In your first trimester of pregnancy? We’ve got your FAQs covered
The first trimester is an exciting time for newly expectant mothers and their close ones. However, it’s also a time of many, many questions! Here we’ve broken down some commonly-asked first trimester questions.
What are the most common first trimester symptoms?
The main and earliest sign of pregnancy is, of course, missing your period. Aside from this, many women will experience tender, swollen breasts and fatigue in their first trimester. Other symptoms could include headaches, nausea, mood swings, frequent urination and food aversions or cravings.
Of course, these symptoms may be a result of something else and don’t necessarily mean you are pregnant.
When should I see my doctor? If you think you may be pregnant, either through missing periods or taking a home test, you should make an appointment to visit your GP. The GP will confirm your pregnancy, tell you your estimated due date and advise you on beginning antenatal care.
What foods should I avoid? Some foods are a risk to pregnant women as they may make you or your baby ill.
Avoid the following:
● Soft cheese with white rinds
● Soft blue cheese
● Raw or partially cooked eggs
● Raw or undercooked meat
● Sushi or any uncooked fish dishes (unless frozen first)
● Anything with a lot of caffeine (more than one coffee a day, for example)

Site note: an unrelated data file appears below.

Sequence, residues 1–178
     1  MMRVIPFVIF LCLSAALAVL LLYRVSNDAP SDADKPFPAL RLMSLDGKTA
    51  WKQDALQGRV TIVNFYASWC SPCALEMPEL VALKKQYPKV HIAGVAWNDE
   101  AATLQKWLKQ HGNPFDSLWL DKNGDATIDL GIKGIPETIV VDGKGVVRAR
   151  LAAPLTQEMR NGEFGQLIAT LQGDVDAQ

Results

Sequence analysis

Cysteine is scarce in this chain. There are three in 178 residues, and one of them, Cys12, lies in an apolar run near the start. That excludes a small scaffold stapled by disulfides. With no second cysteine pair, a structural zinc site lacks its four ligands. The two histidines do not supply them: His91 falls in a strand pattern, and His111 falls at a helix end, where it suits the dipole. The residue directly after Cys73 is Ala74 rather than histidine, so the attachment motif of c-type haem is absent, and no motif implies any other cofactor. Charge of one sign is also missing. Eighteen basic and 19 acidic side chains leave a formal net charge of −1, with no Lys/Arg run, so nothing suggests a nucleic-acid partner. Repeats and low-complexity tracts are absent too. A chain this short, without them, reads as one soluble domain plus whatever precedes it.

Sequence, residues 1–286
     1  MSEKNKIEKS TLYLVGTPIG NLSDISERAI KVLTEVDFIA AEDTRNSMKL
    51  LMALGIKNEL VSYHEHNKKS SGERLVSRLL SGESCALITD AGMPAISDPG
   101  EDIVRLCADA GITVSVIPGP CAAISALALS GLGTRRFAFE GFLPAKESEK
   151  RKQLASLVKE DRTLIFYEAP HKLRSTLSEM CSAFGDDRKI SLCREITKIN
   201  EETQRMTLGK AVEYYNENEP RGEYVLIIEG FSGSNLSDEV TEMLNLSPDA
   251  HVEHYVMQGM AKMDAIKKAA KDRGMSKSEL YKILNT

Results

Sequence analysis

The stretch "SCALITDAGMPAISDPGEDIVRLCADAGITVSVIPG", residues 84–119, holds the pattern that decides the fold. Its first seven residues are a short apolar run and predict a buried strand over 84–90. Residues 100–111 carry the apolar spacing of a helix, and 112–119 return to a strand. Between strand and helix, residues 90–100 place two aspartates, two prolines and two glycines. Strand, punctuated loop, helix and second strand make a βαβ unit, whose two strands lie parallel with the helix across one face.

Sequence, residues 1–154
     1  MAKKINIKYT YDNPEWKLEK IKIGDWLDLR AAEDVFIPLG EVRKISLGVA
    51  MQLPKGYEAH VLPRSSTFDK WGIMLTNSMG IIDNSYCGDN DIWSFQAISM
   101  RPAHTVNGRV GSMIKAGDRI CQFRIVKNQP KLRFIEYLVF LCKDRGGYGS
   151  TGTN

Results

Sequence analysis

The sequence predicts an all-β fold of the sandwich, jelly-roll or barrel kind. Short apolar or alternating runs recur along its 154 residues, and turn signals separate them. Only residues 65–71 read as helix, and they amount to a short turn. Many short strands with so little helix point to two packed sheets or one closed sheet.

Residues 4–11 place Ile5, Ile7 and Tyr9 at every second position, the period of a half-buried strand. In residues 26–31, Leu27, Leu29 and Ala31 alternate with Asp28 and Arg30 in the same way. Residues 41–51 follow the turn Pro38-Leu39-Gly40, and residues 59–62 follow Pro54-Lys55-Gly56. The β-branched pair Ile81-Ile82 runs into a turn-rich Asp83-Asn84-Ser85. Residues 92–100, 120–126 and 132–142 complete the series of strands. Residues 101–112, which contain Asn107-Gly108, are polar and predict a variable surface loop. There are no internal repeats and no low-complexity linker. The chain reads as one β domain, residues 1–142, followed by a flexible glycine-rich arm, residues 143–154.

A lot of the foods listed above pose a risk to pregnant women due to the potential for bacterial infections. More information on foods to avoid (and the reasons behind it all) can be found here.
Should I be adding anything to my diet or taking supplements?
Ideally, folic acid should be taken as a supplement for at least 3 months before you conceive. However, if you are already pregnant, you should continue taking it until the 12th week. Folic acid reduces the risk of neural tube defects in babies.
Additionally, you’ll need more iron when you are pregnant because your blood volume increases. You can get this by eating more iron-rich dark leafy vegetables such as spinach, red meat or through supplements. You’ll also need Vitamin C to absorb it, so add some citrus fruits or bell peppers to your shopping list.
Pregnant women are also in need of more calcium to help your baby develop in the womb. Add more calcium-rich dairy products to your diet, or else get in the calcium with foods like kale or sardines.
So there you have it – some of the most commonly wondered questions that women have in their first trimester. There’s lots more information on fertility and maternity issues on Vhi’s Health Hub. Check it out now to learn more